Yes, sculpture is always at the center of my work. I see and think about everything as a sculpture. This has become the way my brain works. Those who see my living space would know what I mean. I attended a Fine Arts High School where I studied art for four years and built a strong foundation. In high school, I was very aware that would not be enough for me and that it was only a step toward more. In my sophomore year in high school, our atelier instructors made a radical decision and added sculpture to the course curriculum. I think it was the best year of my high school life. I would spend the whole day in the sculpture studio. That’s why I became a boarding student in my sophomore year. I had already decided which university and which department I would attend. In 2009, I won the Mimar Sinan Fine Arts University, Department of Sculpture at the top of my class. But things did not go as I hoped. My expectations from the school were so high that I was seriously displeased and disappointed. The difference between what I wanted and what I found distanced me to the school. And when I went to school, I would spend more time in the drawing and ceramics studios than my own department. I realized that I could not go on like this, I had to set up my own studio but of course it is not as easy as it sounds. I had no material resources to support me. So I started working in part-time jobs where I could make money. I spent a couple of years as a teaching assistant. I gave private lessons. I have always considered myself a very lucky person. At one point, things started looking up. I found a place in Kadıköy Yeldeğirmeni where I could create my own studio. I have been here for four years now. I live here with my sculptures. I also have artist friends and neighbors with whom I can exchange ideas. You do not feel alone here.  As to your question ‘why sculpture’, trust me I ask myself the same a lot. Wasn’t there anything else to do? I think about it and nothing else I would rather do comes to my mind. It’s my way of existing. It’s not just because I love it or as a hobby. It’s not about “being an artist, which is prestigious”. I do not know how else I might exist. And besides, I believe that it chose me, not the other way around.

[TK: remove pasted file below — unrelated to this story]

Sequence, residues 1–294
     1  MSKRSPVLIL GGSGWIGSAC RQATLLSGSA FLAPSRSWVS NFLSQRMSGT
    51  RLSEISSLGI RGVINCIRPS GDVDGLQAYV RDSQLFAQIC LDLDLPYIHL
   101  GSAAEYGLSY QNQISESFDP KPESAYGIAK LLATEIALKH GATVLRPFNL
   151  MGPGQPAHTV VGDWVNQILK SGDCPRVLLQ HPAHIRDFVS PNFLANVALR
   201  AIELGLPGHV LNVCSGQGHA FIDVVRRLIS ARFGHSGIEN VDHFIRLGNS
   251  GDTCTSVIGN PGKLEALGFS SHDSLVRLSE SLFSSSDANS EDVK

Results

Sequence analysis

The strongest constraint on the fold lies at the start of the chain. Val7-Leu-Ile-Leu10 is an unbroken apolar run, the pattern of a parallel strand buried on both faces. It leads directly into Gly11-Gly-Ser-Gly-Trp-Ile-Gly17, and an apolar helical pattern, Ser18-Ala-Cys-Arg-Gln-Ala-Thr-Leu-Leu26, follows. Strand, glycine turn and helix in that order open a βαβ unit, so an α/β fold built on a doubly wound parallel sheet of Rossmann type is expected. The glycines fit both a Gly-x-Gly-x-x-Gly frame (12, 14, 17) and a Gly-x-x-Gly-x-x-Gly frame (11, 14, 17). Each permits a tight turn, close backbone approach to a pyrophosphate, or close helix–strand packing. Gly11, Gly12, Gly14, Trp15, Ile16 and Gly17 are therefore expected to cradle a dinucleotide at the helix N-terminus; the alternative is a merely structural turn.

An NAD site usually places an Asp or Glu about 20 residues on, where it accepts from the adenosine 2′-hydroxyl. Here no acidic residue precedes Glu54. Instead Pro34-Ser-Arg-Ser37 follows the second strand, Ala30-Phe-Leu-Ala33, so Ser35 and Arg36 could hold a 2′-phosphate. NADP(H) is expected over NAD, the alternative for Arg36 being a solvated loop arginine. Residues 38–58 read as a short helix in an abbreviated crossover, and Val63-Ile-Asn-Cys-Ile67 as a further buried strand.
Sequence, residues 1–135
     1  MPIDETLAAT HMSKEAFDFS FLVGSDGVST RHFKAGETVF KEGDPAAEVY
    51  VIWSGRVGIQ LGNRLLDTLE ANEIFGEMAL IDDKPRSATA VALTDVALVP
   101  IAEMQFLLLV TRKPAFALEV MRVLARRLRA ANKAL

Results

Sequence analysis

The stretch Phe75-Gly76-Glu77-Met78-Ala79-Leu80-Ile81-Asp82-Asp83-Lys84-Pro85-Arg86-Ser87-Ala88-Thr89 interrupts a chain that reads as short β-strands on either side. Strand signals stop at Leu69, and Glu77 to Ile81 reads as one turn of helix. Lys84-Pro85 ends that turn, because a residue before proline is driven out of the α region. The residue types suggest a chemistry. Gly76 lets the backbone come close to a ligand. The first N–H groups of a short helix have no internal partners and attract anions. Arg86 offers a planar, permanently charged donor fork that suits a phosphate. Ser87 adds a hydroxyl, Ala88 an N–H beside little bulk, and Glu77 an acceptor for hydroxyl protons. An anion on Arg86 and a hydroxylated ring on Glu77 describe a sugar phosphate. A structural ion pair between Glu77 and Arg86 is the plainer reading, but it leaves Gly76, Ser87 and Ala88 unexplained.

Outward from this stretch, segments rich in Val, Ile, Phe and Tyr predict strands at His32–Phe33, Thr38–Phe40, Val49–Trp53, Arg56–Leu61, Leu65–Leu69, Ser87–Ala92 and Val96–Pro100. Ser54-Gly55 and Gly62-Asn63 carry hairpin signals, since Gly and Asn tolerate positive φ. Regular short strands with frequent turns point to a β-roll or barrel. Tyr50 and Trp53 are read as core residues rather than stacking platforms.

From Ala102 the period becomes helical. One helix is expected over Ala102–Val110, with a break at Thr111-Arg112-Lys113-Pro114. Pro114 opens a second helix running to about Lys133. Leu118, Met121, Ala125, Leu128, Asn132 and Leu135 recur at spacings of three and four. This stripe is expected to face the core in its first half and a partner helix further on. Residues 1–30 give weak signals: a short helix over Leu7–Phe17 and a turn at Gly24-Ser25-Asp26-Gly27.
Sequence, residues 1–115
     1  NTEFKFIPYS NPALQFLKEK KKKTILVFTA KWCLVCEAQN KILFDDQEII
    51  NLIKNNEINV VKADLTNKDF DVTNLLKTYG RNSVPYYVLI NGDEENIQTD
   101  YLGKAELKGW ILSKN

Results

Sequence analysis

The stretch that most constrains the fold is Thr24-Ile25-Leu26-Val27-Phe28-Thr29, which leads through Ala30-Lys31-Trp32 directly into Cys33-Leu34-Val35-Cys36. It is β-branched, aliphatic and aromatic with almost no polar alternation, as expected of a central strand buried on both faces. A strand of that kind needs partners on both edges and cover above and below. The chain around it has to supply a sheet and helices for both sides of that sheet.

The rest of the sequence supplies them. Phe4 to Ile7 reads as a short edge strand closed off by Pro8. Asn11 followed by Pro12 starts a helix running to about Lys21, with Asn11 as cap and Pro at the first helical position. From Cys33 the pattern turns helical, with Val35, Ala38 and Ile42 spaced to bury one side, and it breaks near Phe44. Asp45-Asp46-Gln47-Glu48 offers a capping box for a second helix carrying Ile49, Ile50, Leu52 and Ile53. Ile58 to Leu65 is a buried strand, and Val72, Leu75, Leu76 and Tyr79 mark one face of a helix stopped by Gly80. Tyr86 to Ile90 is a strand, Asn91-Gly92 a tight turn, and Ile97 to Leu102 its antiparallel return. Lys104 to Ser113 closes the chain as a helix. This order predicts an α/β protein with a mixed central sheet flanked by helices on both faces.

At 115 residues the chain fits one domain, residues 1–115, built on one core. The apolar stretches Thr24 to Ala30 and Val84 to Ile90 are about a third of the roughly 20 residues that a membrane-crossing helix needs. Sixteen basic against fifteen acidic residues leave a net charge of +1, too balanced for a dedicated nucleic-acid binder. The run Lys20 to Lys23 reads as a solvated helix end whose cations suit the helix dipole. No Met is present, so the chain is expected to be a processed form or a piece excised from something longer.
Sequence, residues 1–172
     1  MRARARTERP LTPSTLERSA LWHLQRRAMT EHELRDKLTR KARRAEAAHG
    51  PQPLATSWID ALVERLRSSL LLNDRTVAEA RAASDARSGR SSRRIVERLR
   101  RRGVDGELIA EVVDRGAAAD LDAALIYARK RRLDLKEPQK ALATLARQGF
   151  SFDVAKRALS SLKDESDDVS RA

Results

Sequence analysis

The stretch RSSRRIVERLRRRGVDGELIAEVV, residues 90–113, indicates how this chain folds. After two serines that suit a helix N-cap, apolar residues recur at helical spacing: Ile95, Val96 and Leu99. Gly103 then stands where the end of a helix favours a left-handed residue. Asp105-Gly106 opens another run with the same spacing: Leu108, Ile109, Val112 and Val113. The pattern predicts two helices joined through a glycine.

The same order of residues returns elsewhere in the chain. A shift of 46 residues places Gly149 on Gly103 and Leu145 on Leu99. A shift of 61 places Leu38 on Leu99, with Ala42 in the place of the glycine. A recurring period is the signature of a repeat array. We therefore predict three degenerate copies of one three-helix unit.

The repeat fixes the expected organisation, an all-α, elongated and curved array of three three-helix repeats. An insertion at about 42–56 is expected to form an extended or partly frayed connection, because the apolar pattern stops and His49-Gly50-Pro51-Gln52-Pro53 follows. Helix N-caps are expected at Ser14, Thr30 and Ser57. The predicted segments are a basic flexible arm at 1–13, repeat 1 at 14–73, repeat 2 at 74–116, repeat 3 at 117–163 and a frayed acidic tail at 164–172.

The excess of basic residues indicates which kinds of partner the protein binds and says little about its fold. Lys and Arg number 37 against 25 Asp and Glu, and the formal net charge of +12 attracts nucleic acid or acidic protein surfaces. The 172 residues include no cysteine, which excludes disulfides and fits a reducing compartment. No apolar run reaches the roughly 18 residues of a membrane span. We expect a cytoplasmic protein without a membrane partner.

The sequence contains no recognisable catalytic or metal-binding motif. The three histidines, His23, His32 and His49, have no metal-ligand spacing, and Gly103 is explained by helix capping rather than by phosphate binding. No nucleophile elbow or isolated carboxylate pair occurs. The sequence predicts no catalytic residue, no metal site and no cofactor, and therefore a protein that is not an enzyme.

I can see that the materials you choose when making your sculptures are quite varying and experimental. How do you choose the materials? What kind of materials do you use?